Weird community radio story of the day

June 15th, 2009 | by Andrew Ó Baoill |

Has to be this one from Australia about FBi, a community station that ran an ‘Ask Richard’ campaign, calling on listeners to the the attention of Richard Branson, in the hope that he would donate $1m (AUS) to them. They succeeded in getting his attention – when an (anonymous) woman swam 2.5 miles to his private island – but not his cash, though he has provided some flights and festival tickets to be used in competitions.

At first – indeed, second – glance, the premise of the campaign seems flawed. Surely the energy and imagination of the many individuals who had tried to get Branson’s attention – the long distance swimmer was only the last of a long line – could better be spent in raising small sums from a larger number of individuals, than on this long shot. And digging deeper, it seems that those at the station recognize this point:

But our decision to ask a billionaire for financial support shouldn’t be the concern. What’s really concerning is this: a station commanding a listenership of nearly a quarter of a million can’t rely on the community to put their money where their preset is.

The story at the station is not so much a parable as a series of parables. The station spent AUS$0.5m on its legal struggle to get on air. The recession has hit their normal fundraising hard – youth employment has been particularly hard hit. The station now faces a AUS$1m hole in its finances. The station has been, in any event, getting limited direct financial support from listeners: “FBi has 219,000 people tuning in every week. 2% of these are financial supporters.” There’s a billionaire, with his own private island, based inside the station’s coverage area.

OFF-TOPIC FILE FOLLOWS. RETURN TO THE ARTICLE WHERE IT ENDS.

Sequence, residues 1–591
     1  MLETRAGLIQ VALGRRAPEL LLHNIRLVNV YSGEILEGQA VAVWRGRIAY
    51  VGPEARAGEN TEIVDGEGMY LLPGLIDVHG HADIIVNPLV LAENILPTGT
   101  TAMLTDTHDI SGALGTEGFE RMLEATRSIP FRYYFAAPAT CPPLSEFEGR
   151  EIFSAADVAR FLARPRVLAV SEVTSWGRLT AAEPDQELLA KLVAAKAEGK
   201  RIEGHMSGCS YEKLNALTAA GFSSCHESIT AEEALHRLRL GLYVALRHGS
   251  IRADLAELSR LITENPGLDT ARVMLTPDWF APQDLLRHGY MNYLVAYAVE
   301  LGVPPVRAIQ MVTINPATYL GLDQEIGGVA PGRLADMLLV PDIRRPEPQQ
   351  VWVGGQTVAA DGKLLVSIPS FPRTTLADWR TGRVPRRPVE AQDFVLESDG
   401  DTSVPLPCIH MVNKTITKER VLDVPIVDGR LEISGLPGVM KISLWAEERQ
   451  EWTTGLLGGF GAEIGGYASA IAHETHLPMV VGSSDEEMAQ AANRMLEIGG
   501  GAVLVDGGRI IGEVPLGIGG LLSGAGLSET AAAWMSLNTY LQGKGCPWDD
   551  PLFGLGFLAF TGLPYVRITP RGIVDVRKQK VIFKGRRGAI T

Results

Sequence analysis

Still, seeking large donations of this nature is a rather long bet, and speaks to the need for more sustainable models of support. Community radio can be – and is, in many communities – an important tool for community building, something that’s perhaps particularly important in economically troubled times such as these. But because of the indirect, and not always obvious, linkages between community radio and such development, it’s difficult to solicit support – from government or individuals, let alone corporate donors – at times such as these, when budgets are stretched and there’s an increased demand for public support, and a need for quick-acting economic boosts.

This is why it’s important for community stations to develop mixed-funding models, including support from government agencies, tariffs on commercial broadcasting revenues, and direct listener donations. Some stations may also be able to develop side-businesses, such as sound recording and professional services (space rental, training). Each of these will be hit when the economy takes a turn for the worse, but diversification of revenue sources will minimize the risk to the operation as a whole.

In the meantime, best of luck to FBi in their fundraising campaign!

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